Publications (2)0 Total impact
Article: Complicated intra-abdominal infections in Europe: a comprehensive review of the CIAO study.[show abstract] [hide abstract]
ABSTRACT: The CIAO Study ("Complicated Intra-Abdominal infection Observational" Study) is a multicenter investigation performed in 68 medical institutions throughout Europe over the course of a 6-month observational period (January-June 2012).Patients with either community-acquired or healthcare-associated complicated intra-abdominal infections (IAIs) were included in the study.2,152 patients with a mean age of 53.8 years (range: 4--98 years) were enrolled in the study. 46.3% of the patients were women and 53.7% were men. Intraperitoneal specimens were collected from 62.2% of the enrolled patients, and from these samples, a variety of microorganisms were collectively identified.The overall mortality rate was 7.5% (163/2.152).According to multivariate analysis of the compiled data, several criteria were found to be independent variables predictive of patient mortality, including patient age, the presence of an intestinal non-appendicular source of infection (colonic non-diverticular perforation, complicated diverticulitis, small bowel perforation), a delayed initial intervention (a delay exceeding 24 hours), sepsis and septic shock in the immediate post-operative period, and ICU admission.Given the sweeping geographical distribution of the participating medical centers, the CIAO Study gives an accurate description of the epidemiological, clinical, microbiological, and treatment profiles of complicated intra-abdominal infections (IAIs) throughout Europe.World Journal of Emergency Surgery 11/2012; 7(1):36.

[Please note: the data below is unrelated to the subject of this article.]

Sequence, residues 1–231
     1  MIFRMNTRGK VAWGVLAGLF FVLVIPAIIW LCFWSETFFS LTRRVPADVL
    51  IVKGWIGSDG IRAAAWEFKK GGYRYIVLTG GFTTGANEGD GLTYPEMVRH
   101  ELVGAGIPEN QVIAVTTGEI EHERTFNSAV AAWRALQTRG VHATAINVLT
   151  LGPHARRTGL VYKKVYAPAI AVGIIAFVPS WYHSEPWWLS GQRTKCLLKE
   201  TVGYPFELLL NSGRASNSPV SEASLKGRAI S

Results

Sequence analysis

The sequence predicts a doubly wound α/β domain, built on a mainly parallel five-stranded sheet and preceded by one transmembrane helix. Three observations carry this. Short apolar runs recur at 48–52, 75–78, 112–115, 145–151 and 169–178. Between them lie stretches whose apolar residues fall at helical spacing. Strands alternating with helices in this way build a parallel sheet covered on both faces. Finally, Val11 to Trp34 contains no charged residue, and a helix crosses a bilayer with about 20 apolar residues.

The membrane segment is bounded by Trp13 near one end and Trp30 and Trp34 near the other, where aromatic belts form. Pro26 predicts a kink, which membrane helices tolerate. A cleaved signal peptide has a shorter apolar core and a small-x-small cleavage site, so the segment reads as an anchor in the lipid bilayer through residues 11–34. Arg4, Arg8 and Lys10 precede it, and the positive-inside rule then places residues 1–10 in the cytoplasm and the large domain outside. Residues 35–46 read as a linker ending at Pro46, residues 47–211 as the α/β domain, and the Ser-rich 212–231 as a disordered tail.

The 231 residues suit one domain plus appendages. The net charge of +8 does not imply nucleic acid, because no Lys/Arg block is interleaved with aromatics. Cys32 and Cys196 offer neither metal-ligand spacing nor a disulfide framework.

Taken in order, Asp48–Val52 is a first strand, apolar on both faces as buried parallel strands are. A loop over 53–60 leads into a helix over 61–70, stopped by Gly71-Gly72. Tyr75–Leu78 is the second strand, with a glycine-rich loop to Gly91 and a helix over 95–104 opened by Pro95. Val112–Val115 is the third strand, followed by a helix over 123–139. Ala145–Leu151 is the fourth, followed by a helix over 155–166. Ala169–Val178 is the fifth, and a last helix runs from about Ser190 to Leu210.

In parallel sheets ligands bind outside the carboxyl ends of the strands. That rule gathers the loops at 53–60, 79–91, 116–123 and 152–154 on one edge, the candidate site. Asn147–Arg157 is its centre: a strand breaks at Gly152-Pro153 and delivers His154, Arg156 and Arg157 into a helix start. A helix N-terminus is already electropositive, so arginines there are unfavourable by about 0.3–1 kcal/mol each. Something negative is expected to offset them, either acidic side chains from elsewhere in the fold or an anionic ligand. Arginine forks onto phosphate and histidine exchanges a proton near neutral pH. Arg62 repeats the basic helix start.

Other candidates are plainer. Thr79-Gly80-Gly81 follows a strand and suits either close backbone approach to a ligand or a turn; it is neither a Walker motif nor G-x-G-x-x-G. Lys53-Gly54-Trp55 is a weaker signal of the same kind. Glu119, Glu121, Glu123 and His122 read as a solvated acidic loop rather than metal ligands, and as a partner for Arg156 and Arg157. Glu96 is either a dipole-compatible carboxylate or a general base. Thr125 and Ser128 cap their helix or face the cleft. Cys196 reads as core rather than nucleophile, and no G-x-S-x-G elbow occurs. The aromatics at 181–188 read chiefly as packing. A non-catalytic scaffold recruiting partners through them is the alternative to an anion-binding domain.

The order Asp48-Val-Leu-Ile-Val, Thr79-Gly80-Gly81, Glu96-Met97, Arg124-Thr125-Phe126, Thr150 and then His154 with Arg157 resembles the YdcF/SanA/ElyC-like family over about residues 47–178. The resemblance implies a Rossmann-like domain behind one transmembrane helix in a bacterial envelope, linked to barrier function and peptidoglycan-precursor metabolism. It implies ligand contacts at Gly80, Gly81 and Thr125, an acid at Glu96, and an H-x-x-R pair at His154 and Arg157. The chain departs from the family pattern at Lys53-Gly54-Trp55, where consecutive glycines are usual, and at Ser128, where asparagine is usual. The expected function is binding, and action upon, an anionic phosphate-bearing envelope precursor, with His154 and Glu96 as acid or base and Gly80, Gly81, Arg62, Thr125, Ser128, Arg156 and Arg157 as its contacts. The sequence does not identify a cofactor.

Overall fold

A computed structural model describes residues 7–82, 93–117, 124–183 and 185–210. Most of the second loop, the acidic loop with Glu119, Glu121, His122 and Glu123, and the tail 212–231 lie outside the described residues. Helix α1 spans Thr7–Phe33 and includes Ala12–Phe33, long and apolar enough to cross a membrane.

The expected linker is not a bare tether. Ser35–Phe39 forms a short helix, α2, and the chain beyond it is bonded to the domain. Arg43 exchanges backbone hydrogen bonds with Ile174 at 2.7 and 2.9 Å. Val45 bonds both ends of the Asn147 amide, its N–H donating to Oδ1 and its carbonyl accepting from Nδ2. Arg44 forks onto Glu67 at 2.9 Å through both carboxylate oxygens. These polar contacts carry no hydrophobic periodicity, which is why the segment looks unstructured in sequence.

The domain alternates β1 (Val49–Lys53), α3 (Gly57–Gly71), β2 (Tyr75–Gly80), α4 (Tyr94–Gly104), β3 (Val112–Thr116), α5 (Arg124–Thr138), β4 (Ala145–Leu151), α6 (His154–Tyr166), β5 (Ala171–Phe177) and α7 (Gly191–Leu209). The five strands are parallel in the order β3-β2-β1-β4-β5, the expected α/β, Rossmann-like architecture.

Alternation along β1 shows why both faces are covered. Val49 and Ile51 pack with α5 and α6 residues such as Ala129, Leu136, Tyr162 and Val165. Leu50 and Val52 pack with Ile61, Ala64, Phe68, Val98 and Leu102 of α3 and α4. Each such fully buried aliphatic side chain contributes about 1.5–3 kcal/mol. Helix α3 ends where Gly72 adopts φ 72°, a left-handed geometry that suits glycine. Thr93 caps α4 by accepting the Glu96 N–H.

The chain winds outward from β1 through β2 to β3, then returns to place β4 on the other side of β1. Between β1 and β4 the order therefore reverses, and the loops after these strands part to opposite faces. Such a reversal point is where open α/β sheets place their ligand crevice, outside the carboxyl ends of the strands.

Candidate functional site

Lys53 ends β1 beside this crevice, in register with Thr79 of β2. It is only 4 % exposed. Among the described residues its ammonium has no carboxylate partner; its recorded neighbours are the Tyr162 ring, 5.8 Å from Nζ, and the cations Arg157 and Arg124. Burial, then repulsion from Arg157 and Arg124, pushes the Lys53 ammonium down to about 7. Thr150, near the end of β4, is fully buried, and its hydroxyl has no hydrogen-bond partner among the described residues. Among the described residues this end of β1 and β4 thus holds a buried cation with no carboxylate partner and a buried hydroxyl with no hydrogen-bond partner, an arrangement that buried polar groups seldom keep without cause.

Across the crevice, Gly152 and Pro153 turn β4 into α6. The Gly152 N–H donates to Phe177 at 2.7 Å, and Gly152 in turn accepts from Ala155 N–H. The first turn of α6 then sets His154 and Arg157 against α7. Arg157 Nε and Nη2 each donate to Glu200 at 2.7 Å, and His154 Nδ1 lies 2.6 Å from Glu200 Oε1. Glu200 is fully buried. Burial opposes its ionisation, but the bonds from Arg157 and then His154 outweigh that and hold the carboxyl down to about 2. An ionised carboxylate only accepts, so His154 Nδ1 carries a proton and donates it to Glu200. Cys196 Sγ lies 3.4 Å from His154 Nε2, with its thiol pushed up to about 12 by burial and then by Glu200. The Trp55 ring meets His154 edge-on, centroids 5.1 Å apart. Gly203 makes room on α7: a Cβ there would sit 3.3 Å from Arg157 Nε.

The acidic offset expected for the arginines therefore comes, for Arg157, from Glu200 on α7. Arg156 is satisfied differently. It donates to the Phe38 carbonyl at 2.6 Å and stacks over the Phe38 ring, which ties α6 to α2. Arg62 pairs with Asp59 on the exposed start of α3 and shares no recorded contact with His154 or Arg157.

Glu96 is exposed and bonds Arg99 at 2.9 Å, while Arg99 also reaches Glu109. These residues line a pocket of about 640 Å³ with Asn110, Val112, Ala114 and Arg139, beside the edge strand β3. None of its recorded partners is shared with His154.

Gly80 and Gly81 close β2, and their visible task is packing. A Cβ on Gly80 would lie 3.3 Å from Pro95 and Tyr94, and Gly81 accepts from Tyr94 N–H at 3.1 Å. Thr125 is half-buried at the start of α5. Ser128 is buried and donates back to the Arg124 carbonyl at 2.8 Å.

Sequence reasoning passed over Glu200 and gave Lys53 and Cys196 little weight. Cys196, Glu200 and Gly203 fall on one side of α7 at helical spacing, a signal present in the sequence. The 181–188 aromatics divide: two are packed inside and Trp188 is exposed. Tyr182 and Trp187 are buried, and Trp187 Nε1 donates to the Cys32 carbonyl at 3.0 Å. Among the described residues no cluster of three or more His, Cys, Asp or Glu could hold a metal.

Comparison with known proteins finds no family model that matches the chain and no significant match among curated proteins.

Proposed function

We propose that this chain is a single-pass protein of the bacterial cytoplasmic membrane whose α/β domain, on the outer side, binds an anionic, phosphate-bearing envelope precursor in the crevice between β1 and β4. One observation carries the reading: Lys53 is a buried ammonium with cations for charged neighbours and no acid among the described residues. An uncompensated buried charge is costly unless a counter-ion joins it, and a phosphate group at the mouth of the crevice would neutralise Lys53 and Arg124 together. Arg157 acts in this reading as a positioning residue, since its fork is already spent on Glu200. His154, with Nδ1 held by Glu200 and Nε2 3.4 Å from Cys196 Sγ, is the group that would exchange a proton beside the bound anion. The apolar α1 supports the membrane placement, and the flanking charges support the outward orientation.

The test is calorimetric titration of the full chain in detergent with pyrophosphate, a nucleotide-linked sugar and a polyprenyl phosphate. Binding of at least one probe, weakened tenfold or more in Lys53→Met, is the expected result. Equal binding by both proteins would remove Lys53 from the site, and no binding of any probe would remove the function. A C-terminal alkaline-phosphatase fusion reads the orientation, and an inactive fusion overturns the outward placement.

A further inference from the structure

Article: Complicated intra-abdominal infections in Europe: preliminary data from the first three months of the CIAO Study.[show abstract] [hide abstract]
ABSTRACT: The CIAO Study is a multicenter observational study currently underway in 66 European medical institutions over the course of a six-month study period (January-June 2012).This preliminary report overviews the findings of the first half of the study, which includes all data from the first three months of the six-month study period.Patients with either community-acquired or healthcare-associated complicated intra-abdominal infections (IAIs) were included in the study.912 patients with a mean age of 54.4 years (range 4-98) were enrolled in the study during the first three-month period. 47.7% of the patients were women and 52.3% were men. Among these patients, 83.3% were affected by community-acquired IAIs while the remaining 16.7% presented with healthcare-associated infections. Intraperitoneal specimens were collected from 64.2% of the enrolled patients, and from these samples, 825 microorganisms were collectively identified.The overall mortality rate was 6.4% (58/912). According to univariate statistical analysis of the data, critical clinical condition of the patient upon hospital admission (defined by severe sepsis and septic shock) as well as healthcare-associated infections, non-appendicular origin, generalized peritonitis, and serious comorbidities such as malignancy and severe cardiovascular disease were all significant risk factors for patient mortality.White Blood Cell counts (WBCs) greater than 12,000 or less than 4,000 and core body temperatures exceeding 38°C or less than 36°C by the third post-operative day were statistically significant indicators of patient mortality.World Journal of Emergency Surgery 05/2012; 7(1):15.